A catalytic moment in my recovery was when I realized that I had been trying too hard to assimilate my present and future with my past. What does this mean?
Q: I keep hearing that recovery is about taking little steps forward but every step feels overwhelming. What should I do?
A: There are so many different messages we hear during recovery about what we have/need/should do to make recovery our reality.
As I am sitting here on an early Wednesday morning, one hand holding my coffee and the other tapping furiously away on the keyboard, I am reflecting on how my body feels in the current space it occupies...
I don’t have Netflix, so I haven’t seen “To the Bone,” the latest “anorexic drama” starring Lily Collins. I don’t think I want to; it looks stupid and stereotypical. But the pictures of Collins, pretty and pale-cheeked in her oversized hospital gown, her face perfectly made up …
I recall being in the fifth grade and wondering why I didn’t resemble the other girls in my class. I did, I was just under the impression that I didn’t. Who I was in my mirror and who I was in photos was not the same entity.
For as long as I can remember, I’ve struggled with my relationship with my body. For the past 23 years, I’ve been actively recovering from an eating disorder. In the past 5 years, I’ve finally felt like I was in a place where recovery wasn’t an active struggle. It isn’t that time finally caught up and I stopped caring about food or my body, or that the eating disorder magically disappeared. What happened is that I started running.
The holidays, while a beautiful time for many, can be a really big challenge for individuals who struggle with an eating disorder. Not only is food a part of just about every event that takes place but it seems to creep into our regular day to day in ways that aren’t typical...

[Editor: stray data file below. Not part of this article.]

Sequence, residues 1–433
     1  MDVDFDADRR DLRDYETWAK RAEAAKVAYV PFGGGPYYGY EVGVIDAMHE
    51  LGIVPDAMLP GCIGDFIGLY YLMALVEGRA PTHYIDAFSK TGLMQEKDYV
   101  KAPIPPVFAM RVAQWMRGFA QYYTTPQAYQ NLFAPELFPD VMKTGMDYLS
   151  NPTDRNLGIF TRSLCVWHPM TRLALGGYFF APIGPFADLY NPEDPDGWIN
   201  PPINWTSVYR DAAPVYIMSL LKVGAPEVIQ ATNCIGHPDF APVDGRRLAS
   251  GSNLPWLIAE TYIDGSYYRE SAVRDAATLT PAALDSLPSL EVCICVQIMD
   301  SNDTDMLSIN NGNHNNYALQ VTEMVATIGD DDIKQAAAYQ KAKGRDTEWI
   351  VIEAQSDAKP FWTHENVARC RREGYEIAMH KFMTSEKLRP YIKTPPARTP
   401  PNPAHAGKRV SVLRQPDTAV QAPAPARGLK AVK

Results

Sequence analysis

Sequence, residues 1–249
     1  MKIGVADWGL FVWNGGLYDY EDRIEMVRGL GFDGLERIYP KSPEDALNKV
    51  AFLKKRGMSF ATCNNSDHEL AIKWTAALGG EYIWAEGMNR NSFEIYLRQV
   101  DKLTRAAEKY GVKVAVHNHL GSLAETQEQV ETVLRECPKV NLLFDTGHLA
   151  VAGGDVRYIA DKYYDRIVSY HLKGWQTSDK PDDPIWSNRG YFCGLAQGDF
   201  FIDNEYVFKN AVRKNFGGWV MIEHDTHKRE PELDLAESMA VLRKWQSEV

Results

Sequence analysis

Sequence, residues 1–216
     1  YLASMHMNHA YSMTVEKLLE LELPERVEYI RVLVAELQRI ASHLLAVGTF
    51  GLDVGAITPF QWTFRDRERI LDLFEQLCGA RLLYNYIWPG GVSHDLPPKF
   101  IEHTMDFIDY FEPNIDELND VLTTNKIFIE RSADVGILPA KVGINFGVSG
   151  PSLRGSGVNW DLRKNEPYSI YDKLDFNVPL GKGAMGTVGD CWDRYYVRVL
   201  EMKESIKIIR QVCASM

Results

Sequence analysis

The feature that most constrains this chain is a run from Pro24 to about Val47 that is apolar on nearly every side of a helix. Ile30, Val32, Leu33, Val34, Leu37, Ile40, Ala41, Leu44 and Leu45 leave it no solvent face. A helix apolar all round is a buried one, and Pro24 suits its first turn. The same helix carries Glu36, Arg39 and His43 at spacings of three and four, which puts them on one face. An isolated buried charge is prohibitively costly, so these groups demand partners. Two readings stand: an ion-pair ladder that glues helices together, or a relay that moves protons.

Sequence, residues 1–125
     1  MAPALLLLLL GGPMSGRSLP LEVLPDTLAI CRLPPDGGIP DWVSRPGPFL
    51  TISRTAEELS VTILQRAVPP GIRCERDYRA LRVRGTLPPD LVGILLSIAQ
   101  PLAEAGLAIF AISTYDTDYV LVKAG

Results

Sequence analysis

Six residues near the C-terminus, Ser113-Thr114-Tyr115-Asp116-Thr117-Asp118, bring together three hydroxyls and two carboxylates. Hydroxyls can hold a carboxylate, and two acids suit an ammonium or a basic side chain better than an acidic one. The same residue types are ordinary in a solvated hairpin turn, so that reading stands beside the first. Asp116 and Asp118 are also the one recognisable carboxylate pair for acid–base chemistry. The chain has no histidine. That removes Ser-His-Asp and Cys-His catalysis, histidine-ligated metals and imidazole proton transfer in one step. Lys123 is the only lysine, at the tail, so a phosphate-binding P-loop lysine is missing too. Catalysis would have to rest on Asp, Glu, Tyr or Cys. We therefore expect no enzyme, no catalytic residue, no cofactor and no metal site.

The first time I read something by Roxane Gay, it was (like many people) her best-selling essay collection, Bad Feminist. ... But now what Roxane Gay brings us is Hunger, a memoir so beautifully written that you won’t want to put it down, but so raw and painful that you’ll have to.
I want you to know that recovery is, and always will be, worth it. You don’t have to be haunted by food and calorie counting but rather can experience true joy, love and happiness in life. If you, or someone you know is struggling with an eating disorder, there is hope. Reach out for help and begin your journey to wellness today.
When I think back to my first few months in eating disorder recovery at Woodstone Residence (now the Looking Glass Residence), I recall being overwhelmed by the intensity and unfamiliarity of my new routine. Stepping into treatment felt like I was an unarmed and untrained soldier being going into battle for the first time.